Chambers of the Black Hand opal mine, Lightning Ridge | video, photos, pictures

WHAT does a Pom, an opal mine and more than 800 carvings and paintings have in common? The answer – one of the most popular tourist sites in Lightning Ridge.

Darth Vader, the Pied Piper, an Egyptian mummy, Buddha, angels, demons and politicians – they all feature in the Chambers of the Black Hand opal mine.

Located in outback NSW, this site has been the must-do list for tourists for the past 20 years, but now its creator has decided to semi-retire.

English born Ron Canlin, 77, first purchased the 50 metre by 50 metre mining claim in 1982 hoping to find his fortune in opals underground.

Originally from Derby in the English Midlands, he moved from the UK to the Gold Coast, but it was during a visit to Lightning Ridge that his life direction changed.

“We came to The Ridge for a look and decided to move,” he said of the visit with his late wife Glennis.

“It was for retirement and a different life I suppose.”

But, like many mining sites around The Ridge, not all hold an undiscovered fortune in opals.

“I never used to find much so I decided to change it into a tourism mine,” Mr Canlin said.

His first mission – build stairs so people could access the underground mine.

“I built a one-man hoist and it took six months to dig 112 stairs to the bottom,” Mr Canlin said.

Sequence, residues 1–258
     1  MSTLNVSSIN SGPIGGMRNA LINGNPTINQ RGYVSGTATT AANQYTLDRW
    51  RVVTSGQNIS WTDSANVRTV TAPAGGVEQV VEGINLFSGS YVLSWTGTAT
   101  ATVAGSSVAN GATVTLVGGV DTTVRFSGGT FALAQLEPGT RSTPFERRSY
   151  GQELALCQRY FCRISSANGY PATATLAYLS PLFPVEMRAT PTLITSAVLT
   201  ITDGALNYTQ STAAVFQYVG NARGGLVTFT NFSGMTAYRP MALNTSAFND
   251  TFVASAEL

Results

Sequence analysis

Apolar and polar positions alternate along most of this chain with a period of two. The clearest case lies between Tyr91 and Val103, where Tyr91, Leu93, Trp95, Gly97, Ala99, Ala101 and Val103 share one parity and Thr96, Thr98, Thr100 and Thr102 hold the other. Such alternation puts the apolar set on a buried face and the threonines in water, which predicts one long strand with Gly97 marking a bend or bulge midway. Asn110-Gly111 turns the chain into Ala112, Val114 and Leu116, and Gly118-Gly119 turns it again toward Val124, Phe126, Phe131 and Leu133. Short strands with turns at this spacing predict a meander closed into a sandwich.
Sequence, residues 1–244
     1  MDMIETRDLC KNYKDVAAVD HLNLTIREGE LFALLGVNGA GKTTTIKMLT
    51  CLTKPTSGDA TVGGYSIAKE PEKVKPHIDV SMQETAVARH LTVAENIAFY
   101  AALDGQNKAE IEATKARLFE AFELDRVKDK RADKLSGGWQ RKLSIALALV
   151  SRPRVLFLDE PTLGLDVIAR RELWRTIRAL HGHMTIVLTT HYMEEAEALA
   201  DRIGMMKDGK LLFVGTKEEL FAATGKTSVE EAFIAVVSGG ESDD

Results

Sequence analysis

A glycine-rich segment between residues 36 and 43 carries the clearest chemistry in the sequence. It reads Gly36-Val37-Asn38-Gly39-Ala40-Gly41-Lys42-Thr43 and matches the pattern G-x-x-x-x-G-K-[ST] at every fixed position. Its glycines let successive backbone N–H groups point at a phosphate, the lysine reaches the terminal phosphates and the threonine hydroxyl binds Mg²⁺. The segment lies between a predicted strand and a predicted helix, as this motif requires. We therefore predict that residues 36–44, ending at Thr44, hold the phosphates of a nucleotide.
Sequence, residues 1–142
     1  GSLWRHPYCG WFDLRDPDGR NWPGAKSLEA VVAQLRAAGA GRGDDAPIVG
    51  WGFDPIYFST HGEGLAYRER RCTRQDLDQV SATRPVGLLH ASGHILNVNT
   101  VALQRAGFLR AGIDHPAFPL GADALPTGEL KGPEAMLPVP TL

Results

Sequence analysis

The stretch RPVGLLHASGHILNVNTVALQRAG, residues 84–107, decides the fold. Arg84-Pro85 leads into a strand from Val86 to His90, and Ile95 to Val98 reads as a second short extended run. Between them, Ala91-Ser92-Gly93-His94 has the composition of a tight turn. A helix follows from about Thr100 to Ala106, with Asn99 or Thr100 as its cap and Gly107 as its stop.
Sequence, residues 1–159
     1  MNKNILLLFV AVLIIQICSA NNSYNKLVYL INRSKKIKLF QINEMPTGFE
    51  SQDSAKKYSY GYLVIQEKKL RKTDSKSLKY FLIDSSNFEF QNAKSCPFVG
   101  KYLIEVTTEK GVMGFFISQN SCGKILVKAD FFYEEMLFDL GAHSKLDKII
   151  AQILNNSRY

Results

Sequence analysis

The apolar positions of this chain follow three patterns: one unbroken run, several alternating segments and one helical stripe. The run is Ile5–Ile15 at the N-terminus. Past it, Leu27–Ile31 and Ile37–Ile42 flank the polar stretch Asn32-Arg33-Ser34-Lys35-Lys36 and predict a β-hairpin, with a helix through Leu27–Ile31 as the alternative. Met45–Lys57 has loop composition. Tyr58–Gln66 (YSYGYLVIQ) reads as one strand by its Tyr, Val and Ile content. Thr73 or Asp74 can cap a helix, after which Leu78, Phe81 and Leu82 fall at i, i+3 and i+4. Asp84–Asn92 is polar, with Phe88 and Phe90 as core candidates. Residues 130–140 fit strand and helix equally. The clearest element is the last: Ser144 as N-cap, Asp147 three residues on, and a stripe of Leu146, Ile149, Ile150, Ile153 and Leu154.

“I know every square inch of those stairs.”

Next, he created a cutting room so he could show tourists how opals were mined.

“I decided to carve a little welcome into the wall and that started it,” Mr Canlin said.

“Once I filled a room [with carvings] I thought ‘this could be a good idea for tourists’.”

And, he was right. His first carving was in 1997, and these days around 20,000 people visit the site every year to see his artworks that adorn every nook and cranny of the sandstone mine.

“I’ve got 20 different galleries – there’s an animal room, a Michelangelo room, an angel room, a David [a Renaissance sculpture created between 1501 and 1504 by Michelangelo] room, a Star Wars room and super heroes,” Mr Canlin said.

When asked how he decides what to carve next, he said ideas will often flow into multiple carvings and often a whole room.

“From an elephant comes an animal room. I thought I’d carve Bob Hawke so I thought I’d do more politicians,” Mr Canlin said.

“There’s not much in my head by I’m a good copier.”

As he finalises life in The Ridge, Mr Canlin said he will be in his new home in Batlow in the Snowy Mountains before Christmas with his partner Isabelle.

When asked if he will miss the depths of the mine and the creativity it has allowed him for the past two decades, the answer was easy.

I’ve enjoyed every moment of it. I won’t miss it, but it’s been a lovely journey. It’ll be nice to get away and do some fishing.

“I’ve enjoyed every moment of it. I won’t miss it, but it’s been a lovely journey. It’ll be nice to get away and do some fishing,” he said.

And rather than the stinking hot temperatures of The Ridge, Mr Canlin is looking forward to the cold.

“I’m really looking forward to making a snowman,” he said.

The Chambers of the Black Hand opal mine will continue to operate with Mr Canlin returning every six weeks to maintain the carvings.